“We observed that in Salmonella challenged piglets the supplementary feeding of Enterococcus faecium NCIMB 10415 resulted in a significantly increased number of intraepithelial lymphocytes. The results indicate an immunomodulatory effect of E. faecium,” said the authors, writing in this month’s edition of writing in the journal, Veterinary Immunology and Immunopathology.
The study is part of a wider project, supported by the German Research Foundation (DFG) and involving a range of research institutes, looking at feed additives, probiotics and the role nutrition plays in the functioning of the intestines in the pig.
Lead researcher, Juliane Rieger, who is based at the Department of Veterinary Medicine at FU Berlin, told FeedNavigator the immune modulatory effect noted in this study was interesting but minimal.
“However, we did not carry out a phenotypic type analysis, so while the most prominent differences in IEL numbers were found in the population located at the enterocytes nuclear level, we still need to clarify whether it is a special IEL subpopulation involved in the maintenance of epithelial integrity,” she added.
Salmonella Typhimurium infection is usually a self-limiting disease in pigs, said the study’s authors. Nevertheless, they note the pathogen represents a threat due to its potential to persist hidden in the porcine body for long periods.
“Formerly, auxinic antibiotics were used as feed additives to prevent infection outbreaks in pig production. Increasing rates of microbial resistances against such antibiotics have led to the ban on their usage in the European Union since 2006. Since then, much interest has been raised in the pursuit of potential alternatives such as probiotics,” add the team.
Probiotics are believed to have a beneficial effect on the gastrointestinal tract of animals, in terms of immune system modulation as well as regulation of the surface epithelium's cellular growth and apoptosis (Kreuzer et al 2012, Resta-Lenert and Barrett 2003, Walsh et al 2012 and Yan et al 2007).
Rieger said the results of the wider evaluation of E. faecium, under the DFG backed project, indicate there is little benefit from its inclusion in piglet diets in terms of weight gain or FCR. She said the research also underscores the importance of understanding the potential of a particular strain of probiotics when looking to achieve a health or productivity gain in pigs.
However, some of the teams found E. faecium increased the absorptive and secretory capacity of jejunal mucosa (Klingspor et al, 2013) and reduced levels of cytotoxic T cells in the jejunal epithelium (Scharek et al., 2005), while mucosal morphology, villus height, crypt depth and the enlargement factor were not influenced (Martin et al 2012 and Reiter et al 2006).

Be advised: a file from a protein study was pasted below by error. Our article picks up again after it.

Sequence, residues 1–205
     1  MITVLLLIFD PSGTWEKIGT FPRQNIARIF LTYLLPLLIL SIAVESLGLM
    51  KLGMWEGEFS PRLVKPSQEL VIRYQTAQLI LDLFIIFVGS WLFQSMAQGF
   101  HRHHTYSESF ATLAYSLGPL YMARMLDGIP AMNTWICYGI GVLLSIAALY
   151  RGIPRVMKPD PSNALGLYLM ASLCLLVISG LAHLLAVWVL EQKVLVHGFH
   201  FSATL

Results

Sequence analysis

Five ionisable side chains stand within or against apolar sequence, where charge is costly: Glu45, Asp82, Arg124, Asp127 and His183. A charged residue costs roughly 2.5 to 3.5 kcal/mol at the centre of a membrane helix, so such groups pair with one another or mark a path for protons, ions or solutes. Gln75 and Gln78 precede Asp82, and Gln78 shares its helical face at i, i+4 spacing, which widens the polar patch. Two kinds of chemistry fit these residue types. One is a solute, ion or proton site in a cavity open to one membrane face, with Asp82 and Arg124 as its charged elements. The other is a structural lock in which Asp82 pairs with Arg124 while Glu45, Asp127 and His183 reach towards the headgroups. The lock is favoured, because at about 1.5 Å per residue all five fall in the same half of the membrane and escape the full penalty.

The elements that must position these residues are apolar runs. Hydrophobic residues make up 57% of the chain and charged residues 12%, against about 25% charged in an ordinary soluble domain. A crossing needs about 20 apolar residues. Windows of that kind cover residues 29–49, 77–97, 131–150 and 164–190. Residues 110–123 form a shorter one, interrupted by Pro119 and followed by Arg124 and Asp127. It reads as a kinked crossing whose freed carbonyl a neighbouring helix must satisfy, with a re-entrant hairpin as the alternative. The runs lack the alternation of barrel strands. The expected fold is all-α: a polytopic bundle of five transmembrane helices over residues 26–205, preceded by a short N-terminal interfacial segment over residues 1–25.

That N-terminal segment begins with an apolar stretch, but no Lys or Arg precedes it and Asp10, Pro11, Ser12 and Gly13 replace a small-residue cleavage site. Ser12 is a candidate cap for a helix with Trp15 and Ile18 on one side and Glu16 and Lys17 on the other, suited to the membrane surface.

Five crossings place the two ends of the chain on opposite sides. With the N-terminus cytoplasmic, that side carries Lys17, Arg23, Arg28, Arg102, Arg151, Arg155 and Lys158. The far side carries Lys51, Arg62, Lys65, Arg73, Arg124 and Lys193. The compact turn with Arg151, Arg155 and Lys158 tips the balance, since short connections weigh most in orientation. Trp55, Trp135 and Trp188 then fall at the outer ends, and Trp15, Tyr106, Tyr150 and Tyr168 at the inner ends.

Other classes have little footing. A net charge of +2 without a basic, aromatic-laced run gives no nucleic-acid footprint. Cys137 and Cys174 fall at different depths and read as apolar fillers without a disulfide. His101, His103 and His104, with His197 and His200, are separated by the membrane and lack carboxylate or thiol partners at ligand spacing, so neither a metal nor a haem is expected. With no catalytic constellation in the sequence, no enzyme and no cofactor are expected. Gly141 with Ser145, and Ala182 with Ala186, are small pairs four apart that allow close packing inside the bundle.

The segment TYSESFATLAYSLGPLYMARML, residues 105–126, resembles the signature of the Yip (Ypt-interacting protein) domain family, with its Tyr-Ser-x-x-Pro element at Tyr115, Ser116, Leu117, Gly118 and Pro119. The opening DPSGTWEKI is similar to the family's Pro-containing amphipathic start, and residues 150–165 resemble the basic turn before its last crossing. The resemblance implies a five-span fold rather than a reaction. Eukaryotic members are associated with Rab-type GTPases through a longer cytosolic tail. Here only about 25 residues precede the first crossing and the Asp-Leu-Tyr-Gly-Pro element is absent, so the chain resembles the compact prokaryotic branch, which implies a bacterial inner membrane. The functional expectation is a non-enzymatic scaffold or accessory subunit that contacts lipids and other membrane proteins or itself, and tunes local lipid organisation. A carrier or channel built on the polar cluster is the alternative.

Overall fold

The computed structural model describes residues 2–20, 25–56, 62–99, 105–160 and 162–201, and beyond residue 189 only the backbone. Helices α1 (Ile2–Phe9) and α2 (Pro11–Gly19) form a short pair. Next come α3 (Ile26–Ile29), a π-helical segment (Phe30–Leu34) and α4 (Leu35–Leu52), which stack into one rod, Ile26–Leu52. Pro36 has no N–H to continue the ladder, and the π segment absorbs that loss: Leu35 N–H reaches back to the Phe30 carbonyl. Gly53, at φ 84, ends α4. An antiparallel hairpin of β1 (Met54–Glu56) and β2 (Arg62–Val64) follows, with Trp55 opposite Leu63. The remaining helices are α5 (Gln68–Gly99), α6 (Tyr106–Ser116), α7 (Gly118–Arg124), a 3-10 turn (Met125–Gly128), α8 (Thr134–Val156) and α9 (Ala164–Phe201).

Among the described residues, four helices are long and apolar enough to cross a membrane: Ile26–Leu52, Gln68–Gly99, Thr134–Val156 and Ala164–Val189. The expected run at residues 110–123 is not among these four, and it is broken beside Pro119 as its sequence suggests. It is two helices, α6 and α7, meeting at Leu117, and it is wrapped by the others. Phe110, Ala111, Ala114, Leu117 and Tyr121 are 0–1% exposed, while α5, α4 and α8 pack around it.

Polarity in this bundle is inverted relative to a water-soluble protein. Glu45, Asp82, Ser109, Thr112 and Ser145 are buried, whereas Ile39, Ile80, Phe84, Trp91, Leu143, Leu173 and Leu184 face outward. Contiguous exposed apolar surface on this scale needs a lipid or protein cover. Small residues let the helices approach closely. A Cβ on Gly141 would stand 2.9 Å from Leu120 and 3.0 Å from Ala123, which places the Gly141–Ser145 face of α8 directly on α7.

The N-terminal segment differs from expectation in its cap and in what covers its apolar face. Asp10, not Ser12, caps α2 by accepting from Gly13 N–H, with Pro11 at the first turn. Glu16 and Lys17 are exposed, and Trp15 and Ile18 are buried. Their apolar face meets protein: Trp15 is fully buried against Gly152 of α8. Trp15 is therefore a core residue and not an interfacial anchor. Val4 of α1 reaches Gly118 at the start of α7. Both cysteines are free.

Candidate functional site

The study details
The goal of this study was to see whether the probiotic E. faecium strain improved histomorphological and immune system-related parameters of gut function after a Salmonella challenge in weaned pigs.
Weaned piglets were challenged with Salmonella enterica serovar Typhimurium DT 104, and half of them also received E. faecium NCIMB 10415 in their diets. Animals were sacrificed at day 2 and day 28 post infection (DPI), said the team.
The researchers said they calculated villus length and width, crypt depth and width as well as the actual enlargement of the intestinal epithelial surface and they evaluated the number of IEL was evaluated in sections of the porcine gut.
They said the effect of the factors of time post-infection and age and probiotic treatment on jejunal morphology and IEL numbers and distribution was evaluated by light microscopy.
The time post-infection had significant effects in both feeding groups. Animals sacrificed at DPI 28 had longer and wider villi, deeper and wider crypts, a higher villus enlargement factor, a higher ratio between villus and crypt enlargement factors as well as more IEL, noted the authors.
Higher IEL populations
The scientists said the probiotic treatment resulted in longer villi, a higher ratio of villus surface/crypt circumference enlargement factors and significantly more IEL.
“The larger total number of IEL displayed by the probiotic group resulted from significantly higher numbers of IEL at the nuclear and apical levels of the intraepithelial compartment but not from the number of IEL situated at the basement membrane. The probiotic effects were only measurable 28 DPI…
It is proposed that Enterococcus faecium NCIMB 10415 exerts an immune modulatory effect by increasing the numbers of intraepithelial lymphocytes,” they concluded.
Rieger is seeking funding to continue exploration of the effects of probiotics in livestock.
Source: Veterinary Immunology and Immunopathology
Title: Intraepithelial lymphocyte numbers and histomorphological parameters in the porcine gut after Enterococcus faecium NCIMB 10415 feeding in a Salmonella Typhimurium challenge
Authors: J. Rieger, P. Janczyk, H. Hünigen, K. Neumann, J. Plendl